He dumps contempt on famous people,
    disarms the strong and mighty.
He shines a spotlight into caves of darkness,
    hauls deepest darkness into the noonday sun.
He makes nations rise and then fall,
    builds up some and abandons others.
He robs world leaders of their reason,
    and sends them off into no-man’s-land.
They grope in the dark without a clue,
    lurching and staggering like drunks.”

I’m Taking My Case to God

13 1-5 “Yes, I’ve seen all this with my own eyes,
    heard and understood it with my very own ears.
Everything you know, I know,
    so I’m not taking a backseat to any of you.
I’m taking my case straight to God Almighty;
    I’ve had it with you—I’m going directly to God.
You graffiti my life with lies.
    You’re a bunch of pompous quacks!
I wish you’d shut your mouths—
    silence is your only claim to wisdom.

6-12 “Listen now while I make my case,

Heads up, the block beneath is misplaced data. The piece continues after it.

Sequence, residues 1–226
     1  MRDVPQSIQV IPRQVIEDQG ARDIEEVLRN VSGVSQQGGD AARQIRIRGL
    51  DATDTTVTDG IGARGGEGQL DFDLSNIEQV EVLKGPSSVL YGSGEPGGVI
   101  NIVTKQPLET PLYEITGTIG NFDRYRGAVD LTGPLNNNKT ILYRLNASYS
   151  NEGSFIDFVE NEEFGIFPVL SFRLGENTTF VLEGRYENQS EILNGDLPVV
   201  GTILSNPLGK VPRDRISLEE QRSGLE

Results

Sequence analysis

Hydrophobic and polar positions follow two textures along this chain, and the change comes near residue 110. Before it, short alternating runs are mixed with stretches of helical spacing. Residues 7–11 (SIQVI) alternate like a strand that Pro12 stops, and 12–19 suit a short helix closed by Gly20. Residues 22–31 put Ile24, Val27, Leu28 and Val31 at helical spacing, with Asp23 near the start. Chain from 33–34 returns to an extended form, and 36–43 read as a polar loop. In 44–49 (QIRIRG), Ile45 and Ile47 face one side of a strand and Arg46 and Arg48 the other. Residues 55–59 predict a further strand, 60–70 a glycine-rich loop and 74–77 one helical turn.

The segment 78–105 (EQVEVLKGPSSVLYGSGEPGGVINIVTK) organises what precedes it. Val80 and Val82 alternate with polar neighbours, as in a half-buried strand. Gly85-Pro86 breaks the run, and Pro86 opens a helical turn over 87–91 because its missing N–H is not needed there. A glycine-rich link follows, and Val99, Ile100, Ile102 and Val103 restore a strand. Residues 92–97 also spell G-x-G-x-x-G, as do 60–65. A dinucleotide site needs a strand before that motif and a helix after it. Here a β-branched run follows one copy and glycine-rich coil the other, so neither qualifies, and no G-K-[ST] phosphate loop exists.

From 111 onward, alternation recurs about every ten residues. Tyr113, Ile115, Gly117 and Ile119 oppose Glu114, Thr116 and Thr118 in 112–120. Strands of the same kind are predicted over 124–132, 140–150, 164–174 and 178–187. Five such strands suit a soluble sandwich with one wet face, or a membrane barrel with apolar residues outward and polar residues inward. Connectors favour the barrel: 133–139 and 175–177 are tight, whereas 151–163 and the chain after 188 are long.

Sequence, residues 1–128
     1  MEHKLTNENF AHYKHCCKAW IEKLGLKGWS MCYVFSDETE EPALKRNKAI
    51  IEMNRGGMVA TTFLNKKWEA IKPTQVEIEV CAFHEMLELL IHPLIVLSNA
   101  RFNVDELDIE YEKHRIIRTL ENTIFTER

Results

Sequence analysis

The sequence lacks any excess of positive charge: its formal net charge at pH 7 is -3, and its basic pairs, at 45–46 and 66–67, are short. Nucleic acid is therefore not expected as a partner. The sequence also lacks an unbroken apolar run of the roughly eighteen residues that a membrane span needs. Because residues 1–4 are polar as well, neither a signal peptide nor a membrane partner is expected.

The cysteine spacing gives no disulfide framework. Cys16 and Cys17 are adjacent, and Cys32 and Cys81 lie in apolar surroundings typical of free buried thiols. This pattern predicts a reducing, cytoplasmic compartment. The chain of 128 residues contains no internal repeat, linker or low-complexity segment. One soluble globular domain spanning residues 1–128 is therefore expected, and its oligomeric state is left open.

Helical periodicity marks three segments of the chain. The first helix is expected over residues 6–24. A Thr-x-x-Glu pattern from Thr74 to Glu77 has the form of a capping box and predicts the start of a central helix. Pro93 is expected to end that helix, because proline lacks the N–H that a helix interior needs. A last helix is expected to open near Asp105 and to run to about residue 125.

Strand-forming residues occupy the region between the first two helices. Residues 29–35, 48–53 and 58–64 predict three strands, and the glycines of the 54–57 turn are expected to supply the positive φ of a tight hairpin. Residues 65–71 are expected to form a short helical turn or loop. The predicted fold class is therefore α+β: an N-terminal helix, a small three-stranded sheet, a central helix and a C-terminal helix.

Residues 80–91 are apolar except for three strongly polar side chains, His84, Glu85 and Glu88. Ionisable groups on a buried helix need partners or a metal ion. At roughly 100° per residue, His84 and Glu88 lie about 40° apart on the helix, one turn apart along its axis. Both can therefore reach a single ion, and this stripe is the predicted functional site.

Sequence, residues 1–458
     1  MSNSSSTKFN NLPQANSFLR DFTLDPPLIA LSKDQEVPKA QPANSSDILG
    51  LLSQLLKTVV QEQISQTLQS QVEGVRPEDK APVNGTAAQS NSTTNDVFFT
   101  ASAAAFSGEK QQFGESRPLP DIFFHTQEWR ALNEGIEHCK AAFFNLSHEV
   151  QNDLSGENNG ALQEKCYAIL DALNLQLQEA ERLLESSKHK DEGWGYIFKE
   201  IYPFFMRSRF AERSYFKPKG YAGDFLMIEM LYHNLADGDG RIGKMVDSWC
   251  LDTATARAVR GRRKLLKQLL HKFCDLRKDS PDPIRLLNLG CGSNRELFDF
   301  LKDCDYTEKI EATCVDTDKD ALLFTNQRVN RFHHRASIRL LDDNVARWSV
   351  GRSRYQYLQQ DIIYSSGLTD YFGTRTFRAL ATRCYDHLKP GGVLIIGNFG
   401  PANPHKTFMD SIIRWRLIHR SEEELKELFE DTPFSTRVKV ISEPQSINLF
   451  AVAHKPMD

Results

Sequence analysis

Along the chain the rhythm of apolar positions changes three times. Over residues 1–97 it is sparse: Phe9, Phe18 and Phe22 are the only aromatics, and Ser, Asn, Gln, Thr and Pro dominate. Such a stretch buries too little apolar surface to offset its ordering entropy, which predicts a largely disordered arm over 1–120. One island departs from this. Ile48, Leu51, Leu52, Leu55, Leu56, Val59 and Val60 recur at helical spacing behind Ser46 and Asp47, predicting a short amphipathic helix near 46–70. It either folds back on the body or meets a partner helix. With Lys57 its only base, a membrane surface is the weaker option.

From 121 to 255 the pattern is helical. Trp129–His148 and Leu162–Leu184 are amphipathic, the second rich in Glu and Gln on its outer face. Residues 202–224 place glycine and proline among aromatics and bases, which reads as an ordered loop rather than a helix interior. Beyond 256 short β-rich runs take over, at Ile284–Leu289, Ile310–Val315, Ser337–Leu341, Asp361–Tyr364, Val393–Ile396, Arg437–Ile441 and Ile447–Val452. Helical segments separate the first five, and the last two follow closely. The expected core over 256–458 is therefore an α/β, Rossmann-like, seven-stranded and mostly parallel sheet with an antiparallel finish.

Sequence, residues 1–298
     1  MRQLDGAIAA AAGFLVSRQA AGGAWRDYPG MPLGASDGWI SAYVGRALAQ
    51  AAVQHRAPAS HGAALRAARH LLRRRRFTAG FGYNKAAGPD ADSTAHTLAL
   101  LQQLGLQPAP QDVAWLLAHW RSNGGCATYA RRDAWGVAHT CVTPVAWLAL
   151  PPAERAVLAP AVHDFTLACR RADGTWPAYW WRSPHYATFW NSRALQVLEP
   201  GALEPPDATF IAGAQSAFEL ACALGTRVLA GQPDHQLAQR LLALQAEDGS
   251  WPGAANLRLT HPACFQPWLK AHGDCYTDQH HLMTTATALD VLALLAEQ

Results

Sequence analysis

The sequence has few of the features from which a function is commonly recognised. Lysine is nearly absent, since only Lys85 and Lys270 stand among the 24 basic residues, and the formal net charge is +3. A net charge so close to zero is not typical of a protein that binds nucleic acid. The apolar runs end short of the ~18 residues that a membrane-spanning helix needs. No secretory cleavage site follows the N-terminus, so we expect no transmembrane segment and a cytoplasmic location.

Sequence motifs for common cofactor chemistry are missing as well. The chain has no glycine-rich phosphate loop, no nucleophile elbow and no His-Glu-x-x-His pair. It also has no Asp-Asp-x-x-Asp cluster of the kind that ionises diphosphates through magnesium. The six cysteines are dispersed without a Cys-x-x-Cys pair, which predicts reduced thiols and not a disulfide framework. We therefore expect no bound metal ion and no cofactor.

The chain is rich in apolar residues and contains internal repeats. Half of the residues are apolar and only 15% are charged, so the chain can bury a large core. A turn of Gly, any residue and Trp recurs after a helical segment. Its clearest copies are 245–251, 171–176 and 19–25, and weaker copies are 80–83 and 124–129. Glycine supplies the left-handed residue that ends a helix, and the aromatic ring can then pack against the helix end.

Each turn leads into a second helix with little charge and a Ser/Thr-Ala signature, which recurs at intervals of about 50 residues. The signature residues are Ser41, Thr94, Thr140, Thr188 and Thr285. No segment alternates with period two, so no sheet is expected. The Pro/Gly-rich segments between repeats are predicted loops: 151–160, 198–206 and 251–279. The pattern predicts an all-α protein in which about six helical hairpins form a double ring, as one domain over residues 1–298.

consider my side of things for a change.
Or are you going to keep on lying ‘to do God a service’?
    to make up stories ‘to get him off the hook’?
Why do you always take his side?
    Do you think he needs a lawyer to defend himself?
How would you fare if you were in the dock?
    Your lies might convince a jury—but would they
        convince God?
He’d reprimand you on the spot
    if he detected a bias in your witness.
Doesn’t his splendor put you in awe?
    Aren’t you afraid to speak cheap lies before him?
Your wise sayings are knickknack wisdom,
    good for nothing but gathering dust.

13-19 “So hold your tongue while I have my say,
    then I’ll take whatever I have coming to me.
Why do I go out on a limb like this
    and take my life in my hands?
Because even if he killed me, I’d keep on hoping.
    I’d defend my innocence to the very end.
Just wait, this is going to work out for the best—my salvation!
    If I were guilt-stricken do you think I’d be doing this—
    laying myself on the line before God?
You’d better pay attention to what I’m telling you,
    listen carefully with both ears.
Now that I’ve laid out my defense,